- Canada doing away with door-to-door mail delivery by 2018
- NSA chief defends phone spying: ‘There is no other way’
- Hawaii Health Department head killed in plane crash
- Colorado school drops sexual harassment label on boy who kissed girl’s hand
- Australia court strikes down 5-day-old, gay-marriage law
- Fake interpreter at Mandela service: ‘Sorry,’ I have schizophrenia
- George Zimmerman will not be charged in domestic dispute
- Russian officials press bilateral U.S. trade deal
- Creator of ‘Selfies at Funerals’ blog retires after Obama flub: ‘Our work here is done’
- New Obama adviser Podesta is against Keystone but will steer clear of pipeline deliberations
Question of the Day
Probes into mortgage lending by 3 banks grow
NEW YORK — The New York attorney general’s office has requested information from three major U.S. banks about their mortgage operations, according to a source familiar with the matter.
New York Attorney General Eric T. Schneiderman has asked Bank of America Corp., Goldman Sachs Group Inc. and Morgan Stanley for information on their mortgage securitization practices, the source said.
Mr. Schneiderman has also requested meetings with the banks over the next couple of weeks.
Rising pump prices add to Wal-Mart uncertainty
NEW YORK — Rising gas prices are adding another obstacle to Wal-Mart Stores Inc.’s campaign to reverse a two-year U.S. sales slump.
Strong overseas revenue, growth at Sam's Club and Wal-Mart’s specialty — cost-cutting — pushed the world’s largest retailer’s net income up 3 percent in the first quarter, beating Wall Street expectations.
But business at home is still soft. Wal-Mart says it is seeing some improvements but needs more time to determine whether hammering its low-price message and restocking items it had scrapped can turn around sales.
Wal-Mart offered a cautious second-quarter earnings outlook because of a new headache. It’s worried its low-income customers will spend less at its stores as gasoline hovers around $4 a gallon. Wal-Mart’s fears have deep repercussions, because it’s a bellwether of consumer spending and accounts for nearly 10 percent of all non-automotive retail dollars spent in the U.S.
LinkedIn boosts IPO price range
NEW YORK — LinkedIn Corp., a website where professionals connect with one another, said its initial public offering will likely raise 30 percent more than previously expected, a sign that investors are eager to bet on social networking companies.
LinkedIn now plans to sell shares at $42 to $45 each, up from a previous range of $32 to $35. At the middle of that range, the 9-year-old company would be valued at $4.11 billion, or about $40.30 per registered user.
The stock market reception to LinkedIn will be an important gauge of investor appetite for social networking, including the “Big Four” of the social media space — Facebook, Twitter, Groupon and Zynga — which are widely expected to go public in coming years.
LinkedIn’s growth has been rapid: It doubled its revenue last year to $243.1 million and posted net income for common shareholders of $3.4 million.
LinkedIn is priced at almost 17 times 2010 revenue, while Google Inc., by comparison, is trading at about six times sales.
Sony CEO defends response time to hacking
NEW YORK — Sony Corp.’s CEO was unapologetic about the company’s delay in informing the more than 100 million customers of its PlayStation Network whose account information was stolen by hackers last month.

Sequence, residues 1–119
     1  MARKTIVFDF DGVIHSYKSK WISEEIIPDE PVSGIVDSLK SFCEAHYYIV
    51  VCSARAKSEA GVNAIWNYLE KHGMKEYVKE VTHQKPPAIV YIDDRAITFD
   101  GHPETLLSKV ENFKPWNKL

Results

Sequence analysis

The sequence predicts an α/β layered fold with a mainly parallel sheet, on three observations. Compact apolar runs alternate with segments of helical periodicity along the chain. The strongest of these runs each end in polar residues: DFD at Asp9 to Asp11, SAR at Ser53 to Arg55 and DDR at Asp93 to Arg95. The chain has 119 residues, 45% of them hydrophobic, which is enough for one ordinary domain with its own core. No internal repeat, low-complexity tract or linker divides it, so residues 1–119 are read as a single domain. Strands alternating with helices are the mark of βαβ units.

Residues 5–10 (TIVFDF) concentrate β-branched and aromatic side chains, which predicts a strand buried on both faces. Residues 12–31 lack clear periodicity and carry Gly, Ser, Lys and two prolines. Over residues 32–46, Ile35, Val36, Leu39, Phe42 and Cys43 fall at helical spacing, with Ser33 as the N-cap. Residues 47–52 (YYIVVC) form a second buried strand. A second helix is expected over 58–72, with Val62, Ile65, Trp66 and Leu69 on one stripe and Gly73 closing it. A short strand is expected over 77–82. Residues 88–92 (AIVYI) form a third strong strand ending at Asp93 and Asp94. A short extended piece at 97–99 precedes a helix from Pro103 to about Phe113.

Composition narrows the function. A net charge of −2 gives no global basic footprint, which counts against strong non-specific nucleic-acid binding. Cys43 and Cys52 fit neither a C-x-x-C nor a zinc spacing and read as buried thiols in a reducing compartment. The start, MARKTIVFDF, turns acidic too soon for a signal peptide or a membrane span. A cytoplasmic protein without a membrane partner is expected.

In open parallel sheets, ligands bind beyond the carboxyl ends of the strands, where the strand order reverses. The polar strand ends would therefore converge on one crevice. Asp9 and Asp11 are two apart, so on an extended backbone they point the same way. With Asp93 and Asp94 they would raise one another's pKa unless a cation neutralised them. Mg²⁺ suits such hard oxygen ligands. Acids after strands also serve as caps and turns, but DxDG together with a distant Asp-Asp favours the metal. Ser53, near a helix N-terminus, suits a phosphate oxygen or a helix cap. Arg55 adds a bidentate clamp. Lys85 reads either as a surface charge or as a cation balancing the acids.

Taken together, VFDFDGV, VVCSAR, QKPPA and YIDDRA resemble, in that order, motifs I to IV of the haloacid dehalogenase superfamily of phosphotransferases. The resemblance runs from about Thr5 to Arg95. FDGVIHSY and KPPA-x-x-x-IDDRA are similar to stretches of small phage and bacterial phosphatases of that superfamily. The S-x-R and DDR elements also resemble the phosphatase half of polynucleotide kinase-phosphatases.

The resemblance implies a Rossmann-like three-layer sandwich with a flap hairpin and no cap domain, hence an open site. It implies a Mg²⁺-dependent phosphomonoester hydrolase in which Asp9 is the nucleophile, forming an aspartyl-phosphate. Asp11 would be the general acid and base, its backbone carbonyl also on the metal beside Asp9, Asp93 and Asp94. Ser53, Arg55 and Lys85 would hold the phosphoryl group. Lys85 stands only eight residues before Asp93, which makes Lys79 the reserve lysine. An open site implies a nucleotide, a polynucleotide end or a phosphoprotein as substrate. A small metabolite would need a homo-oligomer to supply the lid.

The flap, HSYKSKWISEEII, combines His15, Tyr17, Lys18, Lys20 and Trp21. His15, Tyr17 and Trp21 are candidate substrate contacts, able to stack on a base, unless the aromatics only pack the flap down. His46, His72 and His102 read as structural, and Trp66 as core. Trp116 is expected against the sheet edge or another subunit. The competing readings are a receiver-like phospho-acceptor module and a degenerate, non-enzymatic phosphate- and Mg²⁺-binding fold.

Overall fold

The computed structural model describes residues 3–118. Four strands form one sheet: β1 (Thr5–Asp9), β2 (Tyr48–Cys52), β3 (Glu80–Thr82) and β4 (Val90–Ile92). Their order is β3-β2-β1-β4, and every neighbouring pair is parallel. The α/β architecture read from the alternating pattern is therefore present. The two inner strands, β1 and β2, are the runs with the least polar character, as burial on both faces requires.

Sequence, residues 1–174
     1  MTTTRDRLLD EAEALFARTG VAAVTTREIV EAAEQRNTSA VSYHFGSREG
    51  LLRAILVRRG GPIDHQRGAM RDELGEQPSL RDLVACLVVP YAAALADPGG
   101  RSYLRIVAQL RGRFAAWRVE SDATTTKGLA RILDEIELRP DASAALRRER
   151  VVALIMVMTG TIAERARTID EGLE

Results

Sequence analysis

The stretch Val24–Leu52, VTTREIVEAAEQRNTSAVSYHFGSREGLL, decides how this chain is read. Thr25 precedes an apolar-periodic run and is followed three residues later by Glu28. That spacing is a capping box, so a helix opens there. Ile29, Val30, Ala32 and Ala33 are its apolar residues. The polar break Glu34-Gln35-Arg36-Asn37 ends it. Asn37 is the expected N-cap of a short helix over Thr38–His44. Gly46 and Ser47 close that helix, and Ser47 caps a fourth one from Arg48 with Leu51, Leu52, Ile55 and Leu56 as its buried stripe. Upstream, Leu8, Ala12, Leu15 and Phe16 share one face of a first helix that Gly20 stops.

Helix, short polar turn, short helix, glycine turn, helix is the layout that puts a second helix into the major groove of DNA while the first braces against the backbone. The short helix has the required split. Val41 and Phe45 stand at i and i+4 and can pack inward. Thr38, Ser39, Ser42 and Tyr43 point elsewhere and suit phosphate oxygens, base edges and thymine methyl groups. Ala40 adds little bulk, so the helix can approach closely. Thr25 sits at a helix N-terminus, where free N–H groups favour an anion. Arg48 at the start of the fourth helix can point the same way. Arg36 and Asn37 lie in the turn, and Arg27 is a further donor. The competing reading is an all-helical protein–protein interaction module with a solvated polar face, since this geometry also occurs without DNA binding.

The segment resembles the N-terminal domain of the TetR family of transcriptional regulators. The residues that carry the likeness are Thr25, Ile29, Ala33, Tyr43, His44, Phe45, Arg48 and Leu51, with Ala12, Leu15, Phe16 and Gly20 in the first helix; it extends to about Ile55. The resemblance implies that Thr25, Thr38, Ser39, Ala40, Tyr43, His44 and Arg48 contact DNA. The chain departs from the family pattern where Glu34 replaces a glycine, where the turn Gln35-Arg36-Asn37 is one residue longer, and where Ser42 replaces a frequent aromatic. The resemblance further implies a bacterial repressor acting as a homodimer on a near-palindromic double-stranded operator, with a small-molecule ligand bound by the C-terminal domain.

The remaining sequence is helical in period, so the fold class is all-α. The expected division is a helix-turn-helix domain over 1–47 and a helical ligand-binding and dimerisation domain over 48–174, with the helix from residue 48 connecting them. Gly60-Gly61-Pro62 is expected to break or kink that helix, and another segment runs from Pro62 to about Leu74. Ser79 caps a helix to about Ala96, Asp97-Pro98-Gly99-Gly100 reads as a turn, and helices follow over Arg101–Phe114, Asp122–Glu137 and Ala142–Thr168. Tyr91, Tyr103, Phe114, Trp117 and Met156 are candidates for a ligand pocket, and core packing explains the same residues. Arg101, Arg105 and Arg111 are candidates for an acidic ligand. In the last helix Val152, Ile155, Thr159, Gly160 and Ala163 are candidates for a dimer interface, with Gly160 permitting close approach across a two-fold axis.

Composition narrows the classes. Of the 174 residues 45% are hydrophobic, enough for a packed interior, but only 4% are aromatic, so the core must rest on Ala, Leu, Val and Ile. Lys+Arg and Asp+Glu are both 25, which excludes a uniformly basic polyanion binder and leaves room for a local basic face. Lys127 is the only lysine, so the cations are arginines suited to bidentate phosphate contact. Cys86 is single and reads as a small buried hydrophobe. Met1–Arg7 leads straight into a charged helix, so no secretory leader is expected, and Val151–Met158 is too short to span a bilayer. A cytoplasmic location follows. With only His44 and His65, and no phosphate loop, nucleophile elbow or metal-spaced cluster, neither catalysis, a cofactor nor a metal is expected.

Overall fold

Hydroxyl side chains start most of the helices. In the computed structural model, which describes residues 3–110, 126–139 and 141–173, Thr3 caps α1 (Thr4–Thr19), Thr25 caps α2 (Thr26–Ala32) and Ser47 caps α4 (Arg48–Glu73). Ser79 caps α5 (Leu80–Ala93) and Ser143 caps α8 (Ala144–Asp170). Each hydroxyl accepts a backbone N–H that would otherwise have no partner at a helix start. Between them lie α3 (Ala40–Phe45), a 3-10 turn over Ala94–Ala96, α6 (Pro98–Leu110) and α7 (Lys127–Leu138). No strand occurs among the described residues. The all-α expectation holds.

In a stark departure from the remorseful tone struck just two weeks ago, when senior executives including heir apparent Kazuo Hirai bowed in apology in Tokyo, Sony Chief Executive Howard Stringer fired back at critics of the company’s actions that led up to the attack and its response time to the crisis.
“This was an unprecedented situation,” Mr. Stringer told reporters on Tuesday, speaking publicly for the first time since the April breach. “Most of these breaches go unreported by companies. Forty-three percent [of companies] notify victims within a month. We reported in a week. You’re telling me my week wasn’t fast enough?”
The attack, considered the biggest in Internet history, prompted the Japanese electronics giant to shut down its PlayStation Network and other services for close to a month.
Critics slammed the company for waiting up to a week before telling its customers of the attack and the possible theft of credit card information, prompting lawmakers and state attorneys general to launch investigations.
Sony said it expected to face monetary charges from the break-in but was still assessing the damage.
From wire dispatches and staff reports
By Matt Kibbe
The short-term deal will assure long-term overspending
- All-out war breaks out in GOP over budget pact
- Biden guarantees victory on immigration reform
- Teen thugs in D.C. run wild -- even while wearing GPS ankle bracelets
- Rand Paul: Budget deal 'shameful,' 'huge mistake'
- MALCOLM/REIMER: Over-criminalization undermines respect for legal system
- Obama takes 'selfie' at Mandela's funeral service
- Study IDs reasons for late-term abortions
- DIVEST! Oil is the new apartheid on college campuses
- Colorado school drops sexual harassment label on boy who kissed girl's hand
- MILLER: Dick Heller challenges D.C.s gun registration, files for summary judgment in Heller II
Independent voices from the The Washington Times Communities
Al Maurer provides a common sense, conservatarian, Constitutional conservative perspective from the battleground state of Colorado
Interviews and show reviews from the Los Angeles punk scene past and present. Los Angeles has always been rich in punk rock talent since punk rock was born.
Buzz on Bees is a column promoting the love and life of God’s greatest pollinators on earth: The Honeybee
Brazen, leading-edge, “call it like it is” columns and reporting from Ohio native, radio host and writer, Sara Marie Brenner.
Extraordinary day at Redskins Park
White House pets gone wild!
Let it snow